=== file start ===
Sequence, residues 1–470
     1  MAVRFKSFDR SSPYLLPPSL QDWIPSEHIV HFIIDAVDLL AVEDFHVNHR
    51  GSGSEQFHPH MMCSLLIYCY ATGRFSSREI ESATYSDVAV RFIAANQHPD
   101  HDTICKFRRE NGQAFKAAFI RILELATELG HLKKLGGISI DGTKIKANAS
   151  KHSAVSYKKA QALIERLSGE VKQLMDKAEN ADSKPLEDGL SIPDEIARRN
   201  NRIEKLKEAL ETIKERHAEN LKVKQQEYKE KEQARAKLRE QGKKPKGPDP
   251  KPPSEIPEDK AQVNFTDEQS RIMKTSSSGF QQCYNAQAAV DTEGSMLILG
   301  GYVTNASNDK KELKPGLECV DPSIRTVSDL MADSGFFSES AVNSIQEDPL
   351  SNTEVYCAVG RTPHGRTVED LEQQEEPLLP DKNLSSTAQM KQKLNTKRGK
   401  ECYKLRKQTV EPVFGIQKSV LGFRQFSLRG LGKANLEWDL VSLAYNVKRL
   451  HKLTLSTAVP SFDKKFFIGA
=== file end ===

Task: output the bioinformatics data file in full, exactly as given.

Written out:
Sequence, residues 1–470
     1  MAVRFKSFDR SSPYLLPPSL QDWIPSEHIV HFIIDAVDLL AVEDFHVNHR
    51  GSGSEQFHPH MMCSLLIYCY ATGRFSSREI ESATYSDVAV RFIAANQHPD
   101  HDTICKFRRE NGQAFKAAFI RILELATELG HLKKLGGISI DGTKIKANAS
   151  KHSAVSYKKA QALIERLSGE VKQLMDKAEN ADSKPLEDGL SIPDEIARRN
   201  NRIEKLKEAL ETIKERHAEN LKVKQQEYKE KEQARAKLRE QGKKPKGPDP
   251  KPPSEIPEDK AQVNFTDEQS RIMKTSSSGF QQCYNAQAAV DTEGSMLILG
   301  GYVTNASNDK KELKPGLECV DPSIRTVSDL MADSGFFSES AVNSIQEDPL
   351  SNTEVYCAVG RTPHGRTVED LEQQEEPLLP DKNLSSTAQM KQKLNTKRGK
   401  ECYKLRKQTV EPVFGIQKSV LGFRQFSLRG LGKANLEWDL VSLAYNVKRL
   451  HKLTLSTAVP SFDKKFFIGA